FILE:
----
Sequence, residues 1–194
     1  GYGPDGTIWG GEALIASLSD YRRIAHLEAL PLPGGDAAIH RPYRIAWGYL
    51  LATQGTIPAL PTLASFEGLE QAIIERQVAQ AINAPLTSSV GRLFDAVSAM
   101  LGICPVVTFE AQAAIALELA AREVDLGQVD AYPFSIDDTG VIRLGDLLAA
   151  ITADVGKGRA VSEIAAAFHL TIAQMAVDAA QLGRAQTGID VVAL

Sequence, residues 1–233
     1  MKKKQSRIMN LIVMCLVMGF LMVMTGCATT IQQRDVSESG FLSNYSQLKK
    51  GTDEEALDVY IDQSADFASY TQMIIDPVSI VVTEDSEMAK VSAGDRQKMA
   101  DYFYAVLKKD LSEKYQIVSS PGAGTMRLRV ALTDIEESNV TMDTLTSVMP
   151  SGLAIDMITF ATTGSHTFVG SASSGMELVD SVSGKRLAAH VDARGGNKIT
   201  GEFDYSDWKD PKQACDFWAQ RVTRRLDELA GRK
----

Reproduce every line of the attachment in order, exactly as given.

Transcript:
Sequence, residues 1–194
     1  GYGPDGTIWG GEALIASLSD YRRIAHLEAL PLPGGDAAIH RPYRIAWGYL
    51  LATQGTIPAL PTLASFEGLE QAIIERQVAQ AINAPLTSSV GRLFDAVSAM
   101  LGICPVVTFE AQAAIALELA AREVDLGQVD AYPFSIDDTG VIRLGDLLAA
   151  ITADVGKGRA VSEIAAAFHL TIAQMAVDAA QLGRAQTGID VVAL

Sequence, residues 1–233
     1  MKKKQSRIMN LIVMCLVMGF LMVMTGCATT IQQRDVSESG FLSNYSQLKK
    51  GTDEEALDVY IDQSADFASY TQMIIDPVSI VVTEDSEMAK VSAGDRQKMA
   101  DYFYAVLKKD LSEKYQIVSS PGAGTMRLRV ALTDIEESNV TMDTLTSVMP
   151  SGLAIDMITF ATTGSHTFVG SASSGMELVD SVSGKRLAAH VDARGGNKIT
   201  GEFDYSDWKD PKQACDFWAQ RVTRRLDELA GRK